When you see evergreen trees is your first thought to consume them? Probably not.
However, you may want to reconsider as pine needles are not only edible, but also medicinal for you and your livestock.
Mentioned in memoirs and historical writings, pine needles – and more specifically, pine needle tea – were used for decades by Native American and Asian cultures.
When it comes to foraging, remember that exact and careful identification is crucial as not all evergreens are created equal. Some such as english yew, norfolk island pine, and yew pine are not pine trees at all and have proven to be extremely toxic. Ponderosa pines are another tree that is best to be avoided, especially by pregnant women and animals alike as it could cause abortion.
When choosing pine needles, young, green ones are always best and brown or yellow should be avoided as there could be disease/no nutritional value.
So, what is so great about a bunch of prickly needles (which are technically leaves)?
Pine needles contain 5x the amount of vitamin c found in citrus, is a rich source of vitamin a, and is packed full of free radical fighting antioxidants. The list of benefits that go along with these vitamins and nutrients is impressive:
- boosts the immune system
- helps with respiratory infections, coughs, and chest congestion
- May increase cognitive function
- Vision health
- Anti-inflammatory properties
- Potentially contain DNA protective properties
- May slow weight gain
- May strengthen heart health
- Improve soft tissue and membranes
The most popular to utilize pine needles is in the form of tea and it is super simple to make.
Another plus towards pine needles is that livestock can eat them too and are considered a healthy treat. Our animals receive the same benefits of pine needles being added to their diet as we do, with the addition of a few things:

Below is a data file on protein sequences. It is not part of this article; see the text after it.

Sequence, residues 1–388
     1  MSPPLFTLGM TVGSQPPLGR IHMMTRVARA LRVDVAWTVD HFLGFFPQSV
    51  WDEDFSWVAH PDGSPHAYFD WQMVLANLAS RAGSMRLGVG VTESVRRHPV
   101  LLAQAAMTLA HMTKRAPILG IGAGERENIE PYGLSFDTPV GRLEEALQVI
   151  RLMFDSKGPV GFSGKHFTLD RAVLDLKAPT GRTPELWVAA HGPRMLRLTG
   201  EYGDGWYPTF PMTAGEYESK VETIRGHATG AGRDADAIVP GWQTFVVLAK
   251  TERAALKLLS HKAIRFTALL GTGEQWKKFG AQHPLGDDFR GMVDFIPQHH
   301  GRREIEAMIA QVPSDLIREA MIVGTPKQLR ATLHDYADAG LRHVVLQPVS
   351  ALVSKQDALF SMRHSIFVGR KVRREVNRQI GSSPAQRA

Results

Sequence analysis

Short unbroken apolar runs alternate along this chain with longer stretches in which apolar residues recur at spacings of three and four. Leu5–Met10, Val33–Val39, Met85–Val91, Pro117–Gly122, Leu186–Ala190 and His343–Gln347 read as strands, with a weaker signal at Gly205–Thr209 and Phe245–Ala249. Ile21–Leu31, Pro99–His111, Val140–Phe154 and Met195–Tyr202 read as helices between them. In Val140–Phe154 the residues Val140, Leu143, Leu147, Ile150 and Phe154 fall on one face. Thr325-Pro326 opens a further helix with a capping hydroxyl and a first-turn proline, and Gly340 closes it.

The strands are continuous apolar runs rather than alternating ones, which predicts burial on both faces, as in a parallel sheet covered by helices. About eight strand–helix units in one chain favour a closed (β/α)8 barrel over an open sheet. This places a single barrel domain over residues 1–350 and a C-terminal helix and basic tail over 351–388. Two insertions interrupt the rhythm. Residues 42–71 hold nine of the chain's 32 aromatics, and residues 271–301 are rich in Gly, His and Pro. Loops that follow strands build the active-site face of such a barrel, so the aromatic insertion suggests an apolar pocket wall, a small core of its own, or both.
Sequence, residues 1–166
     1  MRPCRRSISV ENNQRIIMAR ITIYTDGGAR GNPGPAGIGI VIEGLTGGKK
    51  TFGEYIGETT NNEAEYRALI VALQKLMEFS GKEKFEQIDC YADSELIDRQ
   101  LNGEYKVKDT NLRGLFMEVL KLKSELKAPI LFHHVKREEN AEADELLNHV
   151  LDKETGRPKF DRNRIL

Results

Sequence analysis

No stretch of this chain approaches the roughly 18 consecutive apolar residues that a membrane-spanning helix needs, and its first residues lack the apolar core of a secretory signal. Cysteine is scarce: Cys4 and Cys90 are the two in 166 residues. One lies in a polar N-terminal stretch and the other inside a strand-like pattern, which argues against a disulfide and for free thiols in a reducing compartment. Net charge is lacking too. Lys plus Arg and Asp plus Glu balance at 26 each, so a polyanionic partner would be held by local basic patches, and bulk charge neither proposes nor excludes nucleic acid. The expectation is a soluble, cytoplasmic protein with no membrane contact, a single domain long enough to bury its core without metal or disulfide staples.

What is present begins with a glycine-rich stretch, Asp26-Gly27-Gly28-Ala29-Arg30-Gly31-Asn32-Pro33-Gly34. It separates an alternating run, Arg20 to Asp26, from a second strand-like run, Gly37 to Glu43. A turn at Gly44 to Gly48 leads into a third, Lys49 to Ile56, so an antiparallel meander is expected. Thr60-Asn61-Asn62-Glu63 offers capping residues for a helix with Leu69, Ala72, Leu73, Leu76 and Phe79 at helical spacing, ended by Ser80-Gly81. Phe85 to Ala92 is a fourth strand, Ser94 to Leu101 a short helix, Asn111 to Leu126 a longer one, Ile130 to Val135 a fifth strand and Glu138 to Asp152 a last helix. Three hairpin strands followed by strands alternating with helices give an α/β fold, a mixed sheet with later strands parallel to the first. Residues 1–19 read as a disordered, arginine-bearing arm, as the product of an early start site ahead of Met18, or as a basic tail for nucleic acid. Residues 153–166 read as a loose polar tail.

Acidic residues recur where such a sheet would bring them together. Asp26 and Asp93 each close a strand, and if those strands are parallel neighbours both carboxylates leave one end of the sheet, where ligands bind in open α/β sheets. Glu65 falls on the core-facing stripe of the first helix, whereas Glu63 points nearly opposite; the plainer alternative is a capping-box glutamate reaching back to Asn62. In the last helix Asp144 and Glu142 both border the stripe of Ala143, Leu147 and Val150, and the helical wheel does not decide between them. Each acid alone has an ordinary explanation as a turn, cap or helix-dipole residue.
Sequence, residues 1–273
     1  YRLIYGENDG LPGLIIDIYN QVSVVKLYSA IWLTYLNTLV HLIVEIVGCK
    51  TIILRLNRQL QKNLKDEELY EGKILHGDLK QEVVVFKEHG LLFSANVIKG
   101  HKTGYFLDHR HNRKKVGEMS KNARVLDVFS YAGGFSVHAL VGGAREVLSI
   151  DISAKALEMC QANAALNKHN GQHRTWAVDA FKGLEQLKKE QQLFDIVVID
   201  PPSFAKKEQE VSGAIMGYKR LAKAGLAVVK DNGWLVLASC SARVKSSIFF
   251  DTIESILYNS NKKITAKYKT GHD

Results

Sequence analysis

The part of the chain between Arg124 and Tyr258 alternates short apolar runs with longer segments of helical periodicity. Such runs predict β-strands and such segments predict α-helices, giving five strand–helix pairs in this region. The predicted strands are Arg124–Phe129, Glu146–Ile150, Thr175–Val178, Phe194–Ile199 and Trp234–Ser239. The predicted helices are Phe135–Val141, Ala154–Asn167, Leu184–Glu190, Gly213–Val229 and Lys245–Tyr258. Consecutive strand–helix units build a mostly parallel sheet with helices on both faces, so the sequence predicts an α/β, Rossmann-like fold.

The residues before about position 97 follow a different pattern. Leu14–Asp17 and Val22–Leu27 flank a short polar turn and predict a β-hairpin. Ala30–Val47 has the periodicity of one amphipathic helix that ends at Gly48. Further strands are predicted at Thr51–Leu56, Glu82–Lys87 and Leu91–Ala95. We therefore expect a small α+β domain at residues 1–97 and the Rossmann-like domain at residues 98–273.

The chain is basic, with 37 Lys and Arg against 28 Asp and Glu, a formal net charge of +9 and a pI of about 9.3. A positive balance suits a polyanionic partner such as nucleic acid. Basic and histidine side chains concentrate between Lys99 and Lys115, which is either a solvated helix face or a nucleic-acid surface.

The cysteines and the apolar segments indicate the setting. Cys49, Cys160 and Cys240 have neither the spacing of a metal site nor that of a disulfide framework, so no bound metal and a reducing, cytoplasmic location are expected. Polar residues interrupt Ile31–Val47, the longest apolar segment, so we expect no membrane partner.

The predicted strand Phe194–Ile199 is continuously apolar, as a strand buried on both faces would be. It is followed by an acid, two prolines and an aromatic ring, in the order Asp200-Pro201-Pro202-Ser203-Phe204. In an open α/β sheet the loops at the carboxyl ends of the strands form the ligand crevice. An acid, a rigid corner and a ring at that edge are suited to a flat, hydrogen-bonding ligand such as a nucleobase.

- Cleanse internal parasites
- Treats loose stools
As with most things, moderation is best for animals. Smaller farm animals can eat pine needles 2-3x weekly. For horses, it is best not to exceed .5% of body weight daily. (However, that is 5# for a 1000# horse and I’m not sure anyone would ever think to feed their horses that much, lol.)
If you notice your animals seeking pine needles of their own accord, it could be an indication that their body’s need extra support that the pine provides. All around us, nature is ready to support us and our animals!
Need to get rid of that Christmas tree come January? Firs, spruces, and pines are the most common type of Christmas trees and all are safe species. Chickens, sheep, goats, pigs, and horses all enjoy them, they provide munching and enrichment, and it is a great way to recycle your tree when the holidays are over. Just make sure that the trees haven’t been sprayed and are 100% natural.
Emily Bradburn is a writer, entrepreneur, self publisher, and owner of The Healthy Home & Herd Magazine. Being raised on a hobby farm gave Emily her passion for animals, gardening, foraging, and the great outdoors. When she isn’t writing or spending time with her various pets, Emily enjoys photography, making homemade natural skin care products, and binge watching Netflix. To learn more about The Healthy Home & Herd magazine, you can follow Emily on Instagram: triplehmagazine.